Agatha Christie’s amnesia – real or revenge on her cheating spouse?

Neuroscientist Sergio Della Sala explores the crime writer’s mysterious case of amnesia 90 years ago

In December 1926, Agatha Christie went missing for 11 days. Was she seeking revenge on her cheating husband? Or did she really suffer from memory loss?

Sergio Della Sala, a neuroscientist at the University of Edinburgh, teamed up with Stefania de Vito, psychologist and neuroscientist at the University of East London, to write this story on Agatha Christie’s mysterious case of amnesia.

Find out what Della Sala and de Vito had to say about Agatha Christie’s supposed memory loss:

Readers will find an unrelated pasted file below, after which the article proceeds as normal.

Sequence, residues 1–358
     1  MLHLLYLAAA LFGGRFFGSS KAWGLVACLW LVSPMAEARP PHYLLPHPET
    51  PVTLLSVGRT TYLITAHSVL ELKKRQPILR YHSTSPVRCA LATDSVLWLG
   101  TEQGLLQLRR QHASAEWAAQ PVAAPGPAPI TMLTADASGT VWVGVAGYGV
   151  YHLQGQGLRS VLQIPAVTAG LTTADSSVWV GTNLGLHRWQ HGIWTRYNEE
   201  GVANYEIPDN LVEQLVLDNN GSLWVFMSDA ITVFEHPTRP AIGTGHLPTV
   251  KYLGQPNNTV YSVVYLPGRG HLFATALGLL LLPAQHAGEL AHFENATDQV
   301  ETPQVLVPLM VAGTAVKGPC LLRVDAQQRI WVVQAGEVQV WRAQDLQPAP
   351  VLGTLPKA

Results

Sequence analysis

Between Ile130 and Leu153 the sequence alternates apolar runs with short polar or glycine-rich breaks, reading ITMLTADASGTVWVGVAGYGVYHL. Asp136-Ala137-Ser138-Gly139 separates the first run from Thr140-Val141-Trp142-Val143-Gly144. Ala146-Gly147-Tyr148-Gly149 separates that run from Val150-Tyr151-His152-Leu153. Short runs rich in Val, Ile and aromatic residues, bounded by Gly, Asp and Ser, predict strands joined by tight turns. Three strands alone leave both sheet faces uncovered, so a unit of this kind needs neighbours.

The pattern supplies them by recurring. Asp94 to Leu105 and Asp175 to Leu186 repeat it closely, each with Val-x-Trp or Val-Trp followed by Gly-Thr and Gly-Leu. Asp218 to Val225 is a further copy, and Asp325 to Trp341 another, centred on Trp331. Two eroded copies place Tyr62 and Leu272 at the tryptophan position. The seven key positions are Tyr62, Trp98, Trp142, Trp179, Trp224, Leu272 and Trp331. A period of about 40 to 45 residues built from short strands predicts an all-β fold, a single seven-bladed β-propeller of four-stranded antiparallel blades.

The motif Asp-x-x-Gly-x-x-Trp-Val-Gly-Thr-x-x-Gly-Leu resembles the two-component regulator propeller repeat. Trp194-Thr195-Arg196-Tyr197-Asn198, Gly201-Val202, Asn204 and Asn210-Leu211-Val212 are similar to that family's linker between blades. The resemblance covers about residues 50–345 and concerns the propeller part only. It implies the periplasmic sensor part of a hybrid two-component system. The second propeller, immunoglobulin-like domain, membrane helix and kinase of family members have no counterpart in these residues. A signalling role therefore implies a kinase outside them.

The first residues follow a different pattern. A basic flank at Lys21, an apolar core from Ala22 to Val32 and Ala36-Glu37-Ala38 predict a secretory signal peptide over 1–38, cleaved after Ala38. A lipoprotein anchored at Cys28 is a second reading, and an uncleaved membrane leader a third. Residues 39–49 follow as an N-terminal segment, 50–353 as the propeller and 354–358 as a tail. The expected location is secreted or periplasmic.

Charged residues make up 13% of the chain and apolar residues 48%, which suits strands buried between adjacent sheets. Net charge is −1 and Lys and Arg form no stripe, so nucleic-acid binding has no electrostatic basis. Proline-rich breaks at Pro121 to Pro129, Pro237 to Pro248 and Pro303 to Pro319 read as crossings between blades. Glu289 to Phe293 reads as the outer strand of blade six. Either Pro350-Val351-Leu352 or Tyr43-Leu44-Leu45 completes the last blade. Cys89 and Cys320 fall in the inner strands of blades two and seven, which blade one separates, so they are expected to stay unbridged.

Scientific American – Was Agatha Christie’s Mysterious Amnesia Real or Revenge on Her Cheating Spouse?

About Sergio Della Sala

Sergio Della Sala¬†is Professor of Cognitive Neuroscience at the University of Edinburgh. His research interests include¬†cognitive neuropsychology: in particular in amnesia, visuospatial and representational neglect, apraxia and the cognitive deficits of Alzheimer’s Disease.

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